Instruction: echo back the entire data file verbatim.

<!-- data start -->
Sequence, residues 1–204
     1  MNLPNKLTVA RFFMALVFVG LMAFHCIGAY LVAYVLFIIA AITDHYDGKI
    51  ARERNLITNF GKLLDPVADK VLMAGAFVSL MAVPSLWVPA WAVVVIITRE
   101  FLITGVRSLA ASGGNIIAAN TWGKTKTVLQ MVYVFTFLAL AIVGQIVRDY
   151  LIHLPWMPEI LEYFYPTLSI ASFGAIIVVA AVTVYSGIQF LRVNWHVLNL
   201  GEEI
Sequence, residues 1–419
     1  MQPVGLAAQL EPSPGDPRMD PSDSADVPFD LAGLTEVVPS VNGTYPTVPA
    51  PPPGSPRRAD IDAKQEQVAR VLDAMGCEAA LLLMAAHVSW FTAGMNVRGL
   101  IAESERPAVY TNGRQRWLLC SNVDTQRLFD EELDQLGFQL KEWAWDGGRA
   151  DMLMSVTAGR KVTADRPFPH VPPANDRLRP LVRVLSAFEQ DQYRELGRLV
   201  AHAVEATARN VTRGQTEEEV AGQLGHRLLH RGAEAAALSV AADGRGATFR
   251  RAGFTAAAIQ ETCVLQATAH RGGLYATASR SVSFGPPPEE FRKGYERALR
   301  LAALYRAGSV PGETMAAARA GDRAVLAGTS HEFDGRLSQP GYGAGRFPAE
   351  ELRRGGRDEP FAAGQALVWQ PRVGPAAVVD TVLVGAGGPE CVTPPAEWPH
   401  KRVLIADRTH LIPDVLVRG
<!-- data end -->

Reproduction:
Sequence, residues 1–204
     1  MNLPNKLTVA RFFMALVFVG LMAFHCIGAY LVAYVLFIIA AITDHYDGKI
    51  ARERNLITNF GKLLDPVADK VLMAGAFVSL MAVPSLWVPA WAVVVIITRE
   101  FLITGVRSLA ASGGNIIAAN TWGKTKTVLQ MVYVFTFLAL AIVGQIVRDY
   151  LIHLPWMPEI LEYFYPTLSI ASFGAIIVVA AVTVYSGIQF LRVNWHVLNL
   201  GEEI
Sequence, residues 1–419
     1  MQPVGLAAQL EPSPGDPRMD PSDSADVPFD LAGLTEVVPS VNGTYPTVPA
    51  PPPGSPRRAD IDAKQEQVAR VLDAMGCEAA LLLMAAHVSW FTAGMNVRGL
   101  IAESERPAVY TNGRQRWLLC SNVDTQRLFD EELDQLGFQL KEWAWDGGRA
   151  DMLMSVTAGR KVTADRPFPH VPPANDRLRP LVRVLSAFEQ DQYRELGRLV
   201  AHAVEATARN VTRGQTEEEV AGQLGHRLLH RGAEAAALSV AADGRGATFR
   251  RAGFTAAAIQ ETCVLQATAH RGGLYATASR SVSFGPPPEE FRKGYERALR
   301  LAALYRAGSV PGETMAAARA GDRAVLAGTS HEFDGRLSQP GYGAGRFPAE
   351  ELRRGGRDEP FAAGQALVWQ PRVGPAAVVD TVLVGAGGPE CVTPPAEWPH
   401  KRVLIADRTH LIPDVLVRG